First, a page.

Your alarm goes off, you hit the snooze button one too many times, roll out of bed (eventually), and immediately connect to your digital devices. You rush through your morning, barely stopping to breathe, and then head off to work.
If you can relate, you might notice that when the day starts on a hectic note, the same vibes reverberate into the rest of the day, creating multiple experiences of physical or mental unease and discomfort.
If you are not one of these people, you might recognize how important it is to start your day with ease, care, and attention in order to move a little bit more smoothly throughout the day. You may notice how reactions soften and how it feels more accessible to take clear, appropriate action in ways that are more truthful to your values and yourself.
Most of us are probably interested in having a really great day—or at least a really nice morning—as often as possible, right?
Mindful morning practices are important for everyone and anyone, not because we all need to live like or become zen masters but because it’s a way to be nice to ourselves.
When we are thoughtful, it’s more natural to extend that kindness to others. Especially if we rarely take time for ourselves in the morning, it can be a powerful shift to begin each day with affection and appreciation for our minds, bodies, and the day ahead.
When we do begin the day in this way, with a mindful approach to ourselves and the opportunities ahead, we learn to pay more attention to ourselves and others throughout the entire day. How we start the morning is an extension into the remainder of the day. If we want to have a smooth 24 hours, it is only natural that it starts the moment we wake up.
The first sutra in the philosophical teachings of yoga translates to “now is the practice of yoga,” which goes far beyond flowing through a series of stretches, backbends, and so on. Simple enough, yet how often do we allow ourselves to be in the now, to witness and observe openly without judgment or cloudy vision? We can apply the same principles to how we wake up in the morning and begin the first few moments of being awake, aware, and alive.
Here are seven very simple ideas inspired by the mindfulness practices of yoga philosophy to incorporate into your morning routine and begin the day on a mindful note:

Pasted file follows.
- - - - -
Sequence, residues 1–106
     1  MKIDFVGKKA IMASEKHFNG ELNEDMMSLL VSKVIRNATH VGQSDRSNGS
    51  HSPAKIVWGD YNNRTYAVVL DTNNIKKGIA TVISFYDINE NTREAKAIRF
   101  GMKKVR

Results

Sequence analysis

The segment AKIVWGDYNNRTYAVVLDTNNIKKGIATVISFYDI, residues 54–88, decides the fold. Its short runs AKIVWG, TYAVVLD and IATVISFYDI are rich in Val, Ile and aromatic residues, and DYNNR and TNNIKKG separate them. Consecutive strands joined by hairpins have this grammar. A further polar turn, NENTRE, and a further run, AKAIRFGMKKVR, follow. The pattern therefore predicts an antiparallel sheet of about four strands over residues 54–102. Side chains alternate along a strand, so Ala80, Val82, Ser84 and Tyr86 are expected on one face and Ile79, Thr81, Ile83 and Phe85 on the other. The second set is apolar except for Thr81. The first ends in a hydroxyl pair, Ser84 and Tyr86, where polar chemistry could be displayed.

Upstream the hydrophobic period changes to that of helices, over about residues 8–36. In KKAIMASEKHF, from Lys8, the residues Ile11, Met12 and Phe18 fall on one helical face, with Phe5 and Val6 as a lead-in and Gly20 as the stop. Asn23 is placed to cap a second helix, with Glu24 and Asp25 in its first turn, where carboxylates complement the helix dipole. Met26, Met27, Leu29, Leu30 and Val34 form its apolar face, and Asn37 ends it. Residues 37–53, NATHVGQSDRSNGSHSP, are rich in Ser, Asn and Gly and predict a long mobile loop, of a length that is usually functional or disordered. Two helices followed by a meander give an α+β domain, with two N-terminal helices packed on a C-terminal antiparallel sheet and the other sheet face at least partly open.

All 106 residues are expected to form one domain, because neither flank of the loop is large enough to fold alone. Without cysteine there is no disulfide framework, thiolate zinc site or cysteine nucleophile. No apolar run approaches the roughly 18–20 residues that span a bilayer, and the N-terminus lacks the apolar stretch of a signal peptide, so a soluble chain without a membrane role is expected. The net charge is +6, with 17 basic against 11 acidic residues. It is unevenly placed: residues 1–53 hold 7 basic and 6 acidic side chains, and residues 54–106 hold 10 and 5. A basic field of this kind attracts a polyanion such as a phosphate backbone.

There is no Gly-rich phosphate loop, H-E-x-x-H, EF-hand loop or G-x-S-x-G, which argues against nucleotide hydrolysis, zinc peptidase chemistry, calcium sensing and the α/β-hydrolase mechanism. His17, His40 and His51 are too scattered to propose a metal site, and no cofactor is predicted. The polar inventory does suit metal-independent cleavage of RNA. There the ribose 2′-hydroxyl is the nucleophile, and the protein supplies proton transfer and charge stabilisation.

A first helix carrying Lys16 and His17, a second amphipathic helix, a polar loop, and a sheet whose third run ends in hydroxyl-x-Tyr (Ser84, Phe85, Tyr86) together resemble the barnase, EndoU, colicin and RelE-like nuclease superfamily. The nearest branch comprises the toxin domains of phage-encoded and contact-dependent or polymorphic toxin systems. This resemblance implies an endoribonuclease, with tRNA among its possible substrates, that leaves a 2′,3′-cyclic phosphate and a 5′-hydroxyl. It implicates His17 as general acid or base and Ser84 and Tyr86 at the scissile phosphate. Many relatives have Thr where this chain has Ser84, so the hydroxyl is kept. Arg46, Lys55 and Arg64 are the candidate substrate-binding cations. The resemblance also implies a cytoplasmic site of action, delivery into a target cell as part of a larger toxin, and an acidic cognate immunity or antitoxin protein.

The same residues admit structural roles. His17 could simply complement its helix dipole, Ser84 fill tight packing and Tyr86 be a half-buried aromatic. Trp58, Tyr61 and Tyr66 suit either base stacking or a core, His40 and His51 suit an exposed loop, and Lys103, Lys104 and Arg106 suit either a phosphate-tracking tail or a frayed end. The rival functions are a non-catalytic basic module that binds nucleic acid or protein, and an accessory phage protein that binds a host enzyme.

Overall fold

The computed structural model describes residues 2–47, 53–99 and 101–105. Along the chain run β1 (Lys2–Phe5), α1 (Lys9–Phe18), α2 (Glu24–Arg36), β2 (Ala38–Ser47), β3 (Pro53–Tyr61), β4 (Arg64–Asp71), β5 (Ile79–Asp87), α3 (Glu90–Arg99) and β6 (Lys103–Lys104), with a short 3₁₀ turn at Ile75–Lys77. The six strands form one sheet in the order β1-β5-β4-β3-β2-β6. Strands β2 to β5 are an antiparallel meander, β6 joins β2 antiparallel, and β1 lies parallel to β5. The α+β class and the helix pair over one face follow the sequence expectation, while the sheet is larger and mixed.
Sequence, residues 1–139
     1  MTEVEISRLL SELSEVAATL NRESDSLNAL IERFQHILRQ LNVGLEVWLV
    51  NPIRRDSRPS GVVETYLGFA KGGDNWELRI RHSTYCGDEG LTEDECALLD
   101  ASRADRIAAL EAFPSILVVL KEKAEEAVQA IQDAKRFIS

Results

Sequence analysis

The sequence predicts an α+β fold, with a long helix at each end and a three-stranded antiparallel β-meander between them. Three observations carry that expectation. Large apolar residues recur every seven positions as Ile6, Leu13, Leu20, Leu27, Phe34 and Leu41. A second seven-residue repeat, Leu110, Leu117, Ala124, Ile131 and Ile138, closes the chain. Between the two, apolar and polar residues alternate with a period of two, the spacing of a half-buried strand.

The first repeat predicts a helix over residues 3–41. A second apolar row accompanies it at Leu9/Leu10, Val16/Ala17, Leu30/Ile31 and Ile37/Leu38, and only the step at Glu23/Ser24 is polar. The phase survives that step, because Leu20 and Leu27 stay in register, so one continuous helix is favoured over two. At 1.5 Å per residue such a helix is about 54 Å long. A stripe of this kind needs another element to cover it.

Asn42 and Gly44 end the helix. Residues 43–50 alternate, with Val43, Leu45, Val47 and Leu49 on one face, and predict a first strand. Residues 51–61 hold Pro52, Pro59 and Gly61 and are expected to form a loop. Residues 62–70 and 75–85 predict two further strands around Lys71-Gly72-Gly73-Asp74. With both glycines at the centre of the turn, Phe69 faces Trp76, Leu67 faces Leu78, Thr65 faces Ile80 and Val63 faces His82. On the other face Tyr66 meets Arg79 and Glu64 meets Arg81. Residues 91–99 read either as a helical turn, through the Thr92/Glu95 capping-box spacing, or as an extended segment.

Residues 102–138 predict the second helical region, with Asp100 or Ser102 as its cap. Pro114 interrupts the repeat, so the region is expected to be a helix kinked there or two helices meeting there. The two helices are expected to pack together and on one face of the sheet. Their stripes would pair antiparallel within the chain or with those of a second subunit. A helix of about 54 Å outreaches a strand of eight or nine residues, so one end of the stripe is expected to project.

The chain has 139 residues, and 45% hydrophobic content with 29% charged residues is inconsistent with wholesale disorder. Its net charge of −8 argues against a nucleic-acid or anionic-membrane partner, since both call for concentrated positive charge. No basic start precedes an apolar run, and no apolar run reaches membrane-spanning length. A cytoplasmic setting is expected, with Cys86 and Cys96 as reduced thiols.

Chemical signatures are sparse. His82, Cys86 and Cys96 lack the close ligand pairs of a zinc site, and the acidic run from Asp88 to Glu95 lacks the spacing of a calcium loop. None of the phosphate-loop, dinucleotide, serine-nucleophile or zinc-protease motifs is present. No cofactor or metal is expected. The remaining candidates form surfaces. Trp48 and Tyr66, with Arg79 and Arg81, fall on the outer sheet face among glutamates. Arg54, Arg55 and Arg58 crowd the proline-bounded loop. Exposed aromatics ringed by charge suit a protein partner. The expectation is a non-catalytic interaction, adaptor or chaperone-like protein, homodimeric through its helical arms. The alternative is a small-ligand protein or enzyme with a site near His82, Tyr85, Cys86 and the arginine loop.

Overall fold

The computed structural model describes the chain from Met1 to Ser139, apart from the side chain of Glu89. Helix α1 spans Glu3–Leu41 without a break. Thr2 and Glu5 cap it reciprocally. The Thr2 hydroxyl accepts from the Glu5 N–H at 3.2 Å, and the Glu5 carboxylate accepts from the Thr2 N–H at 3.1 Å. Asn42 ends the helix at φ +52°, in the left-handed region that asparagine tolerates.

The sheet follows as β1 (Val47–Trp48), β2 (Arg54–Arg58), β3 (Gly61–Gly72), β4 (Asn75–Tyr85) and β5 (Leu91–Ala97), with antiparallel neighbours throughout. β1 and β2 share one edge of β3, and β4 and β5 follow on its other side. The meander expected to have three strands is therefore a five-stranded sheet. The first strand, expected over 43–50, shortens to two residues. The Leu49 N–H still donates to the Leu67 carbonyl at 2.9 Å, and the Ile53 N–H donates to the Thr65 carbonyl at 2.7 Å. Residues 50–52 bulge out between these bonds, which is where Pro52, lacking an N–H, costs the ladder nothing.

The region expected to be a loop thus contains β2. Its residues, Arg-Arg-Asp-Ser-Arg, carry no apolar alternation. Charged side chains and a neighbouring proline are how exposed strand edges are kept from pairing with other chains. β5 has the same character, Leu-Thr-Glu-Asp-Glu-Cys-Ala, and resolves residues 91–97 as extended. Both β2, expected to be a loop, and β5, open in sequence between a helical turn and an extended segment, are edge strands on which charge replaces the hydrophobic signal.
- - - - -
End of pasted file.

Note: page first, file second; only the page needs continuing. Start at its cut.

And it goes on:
1. When you wake up, place a hand on your heart, chest, or belly.
Say hello to yourself and give thanks that you have woken up to another unique human experience.
2. Envision your day.
In yoga, it is important to practice paying attention to the present moment. You can keep your hands at your heart or in a mudra in order to anchor your awareness to the moment while you visualize how you want your day to unfold.
3. Practice yoga.
Whether in bed, on a mat, or in whatever space you have, take a few simple stretches to open up your body and prepare for the day. Even if it’s just a simple twist on your back in bed, or postures for the arms sitting upright at the edge of the bed—like gomukhasana or garudasana—or just a big, good morning stretch with the arms overhead when you stand up, all of these are a way of taking time for yourself and your body, for however long you have time to do so.
4. Drink water and chew your food.
Whether it’s good old H2O or hot water with lemon, hydrate, hydrate, hydrate. Enjoy breakfast without distraction if and when possible. If you do have to check email at your desk during breakfast, at the very least take a few pauses to chew thoroughly, taste your nourishing food, and breathe calmly.
5. Choose food for breakfast that will fuel you up instead of drag you down.
Whether you eat within one hour of waking up like some theories suggest or simply wait until you are hungry, listen to your body and respond accordingly. Eat enough to hold you over until lunch, and take it easy on pounding caffeine to avoid potential oncoming energy crashes later on. Opt for fresh ingredients that you can pronounce, and do your best to avoid excess sugar.
6. If possible, wait a while before plugging into cyberspace.
Consider meditating, journaling, or stretching before going down the interweb rabbit hole, and enjoy being with yourself, doing things for yourself in your own way and on your own time, with only yourself to answer to. Even if it’s just deep breaths before getting out of bed, take those precious moments to be with yourself, just as you are.
Peace, love, and mindful mornings.
Blog by Sasha Nelson